Judge Schley's argument is that citizenship in its broadest sense includes everybody men, women and children; and that if we contend that citizenship carries with it the right to vote and hold office, it grants these privileges also to women and children. But speaking of "Electors," this sec ond section, which I have j ust quoted, says that they shall be composed of "every male person born in the United States, and every male person who has been naturalized, or who has legally declared his intention, &c." A negro man is certainly a " male person." The plaintiff in error was "born in the United States." He is therefore an "Elector." The right of all qualified electors to hold office, is expressly conferred by the Code, as I shall now show.
By turning to section 1648 of the Code, it will be ob served that "among the rights of citizens are the enjoyment of personal security, personal liberty, private property, and the disposition thereof, the elective franchise " what else ? "the right to hold office, to testify as a witness, to perform any civil function, and to keep and bear arms."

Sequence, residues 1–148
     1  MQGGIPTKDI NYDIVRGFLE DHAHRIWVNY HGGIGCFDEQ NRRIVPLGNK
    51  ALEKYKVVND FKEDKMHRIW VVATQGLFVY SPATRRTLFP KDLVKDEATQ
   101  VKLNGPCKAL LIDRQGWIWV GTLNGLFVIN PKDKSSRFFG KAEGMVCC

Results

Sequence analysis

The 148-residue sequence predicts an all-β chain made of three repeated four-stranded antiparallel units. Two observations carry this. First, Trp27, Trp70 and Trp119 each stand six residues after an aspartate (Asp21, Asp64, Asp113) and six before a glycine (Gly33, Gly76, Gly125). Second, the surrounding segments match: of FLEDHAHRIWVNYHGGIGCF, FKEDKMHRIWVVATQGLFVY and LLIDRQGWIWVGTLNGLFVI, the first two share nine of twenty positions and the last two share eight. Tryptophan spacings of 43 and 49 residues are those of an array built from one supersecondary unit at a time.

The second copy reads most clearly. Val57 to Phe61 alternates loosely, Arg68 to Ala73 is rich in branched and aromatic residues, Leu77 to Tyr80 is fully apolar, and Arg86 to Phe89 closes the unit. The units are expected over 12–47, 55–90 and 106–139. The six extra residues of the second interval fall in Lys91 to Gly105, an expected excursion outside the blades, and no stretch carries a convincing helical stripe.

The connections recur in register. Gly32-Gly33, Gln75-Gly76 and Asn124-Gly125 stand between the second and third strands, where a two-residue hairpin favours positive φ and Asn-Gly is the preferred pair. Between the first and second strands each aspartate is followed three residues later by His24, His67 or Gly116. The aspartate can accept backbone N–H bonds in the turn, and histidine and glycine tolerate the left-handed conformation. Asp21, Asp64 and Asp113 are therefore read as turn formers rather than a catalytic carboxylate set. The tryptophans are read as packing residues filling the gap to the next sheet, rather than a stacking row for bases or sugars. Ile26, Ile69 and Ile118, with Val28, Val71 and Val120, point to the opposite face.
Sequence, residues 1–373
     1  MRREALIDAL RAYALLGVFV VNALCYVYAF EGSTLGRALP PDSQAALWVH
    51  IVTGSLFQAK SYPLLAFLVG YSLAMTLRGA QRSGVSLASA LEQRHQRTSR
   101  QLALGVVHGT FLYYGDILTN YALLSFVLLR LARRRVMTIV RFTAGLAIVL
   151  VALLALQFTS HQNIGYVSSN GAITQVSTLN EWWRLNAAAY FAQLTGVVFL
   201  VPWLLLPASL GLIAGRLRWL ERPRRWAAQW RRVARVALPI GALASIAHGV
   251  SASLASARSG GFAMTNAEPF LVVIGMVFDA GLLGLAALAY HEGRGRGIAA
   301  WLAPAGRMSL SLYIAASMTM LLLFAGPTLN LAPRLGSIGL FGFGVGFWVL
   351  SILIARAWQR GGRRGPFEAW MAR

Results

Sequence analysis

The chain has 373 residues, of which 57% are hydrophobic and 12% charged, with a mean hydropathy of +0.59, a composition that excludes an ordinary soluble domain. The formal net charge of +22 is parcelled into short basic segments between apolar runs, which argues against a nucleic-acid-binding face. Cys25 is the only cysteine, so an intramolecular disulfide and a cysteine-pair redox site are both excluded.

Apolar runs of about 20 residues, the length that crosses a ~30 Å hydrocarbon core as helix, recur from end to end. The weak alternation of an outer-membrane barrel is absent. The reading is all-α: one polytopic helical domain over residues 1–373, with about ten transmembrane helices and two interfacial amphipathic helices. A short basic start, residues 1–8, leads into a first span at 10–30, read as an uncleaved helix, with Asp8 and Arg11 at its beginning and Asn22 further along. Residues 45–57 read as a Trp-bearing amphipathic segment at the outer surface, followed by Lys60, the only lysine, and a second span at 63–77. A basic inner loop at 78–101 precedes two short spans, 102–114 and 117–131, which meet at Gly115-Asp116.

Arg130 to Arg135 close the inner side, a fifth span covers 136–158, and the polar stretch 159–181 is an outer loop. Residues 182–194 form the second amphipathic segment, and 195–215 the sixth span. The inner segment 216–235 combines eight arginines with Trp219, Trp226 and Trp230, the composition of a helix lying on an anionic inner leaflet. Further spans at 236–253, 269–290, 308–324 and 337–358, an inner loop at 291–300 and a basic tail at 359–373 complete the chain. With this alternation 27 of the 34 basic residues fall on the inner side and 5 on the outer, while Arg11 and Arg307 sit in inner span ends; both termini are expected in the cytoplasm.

It seems to me that if the sovereign people of the State, in convention assembled, have declared the negro to be a citizen, and the Code of this State declares that " among the rights of citizens shall be * ~* the right to hold office * * " the conclusion is inevitable that the plain tiff in error is entitled to hold office and to exercise the functions of Clerk of the Superior Court. The next section of the Code makes our case the stronger, for it says that "All citizens are entitled to exercise all their rights as such, unless specially prohibited by law.77 (Sec. 1649.)
Now, let us see if he has been " prohibited " from holding office. What class of persons are excluded from the right to hold office in Georgia ? Sections 3, 4 and 5, of Article two, of our State Constitution, say :
"SEC. III. No person convicted of felony or larceny before any court of this State, or of, or in the United States, shall be eligible to any office or appintment of honor or trust within this State, unless he shall have been pardoned.
"SEC. IY. No person who is the holder of any public mo-

38

neys shall be eligible to any office in this State, until the

same is accounted for and paid into the Treasury.

"SEC. Y. Ko person who, after the adoption of this Con

stitution, being a resident of this State, shall engage in a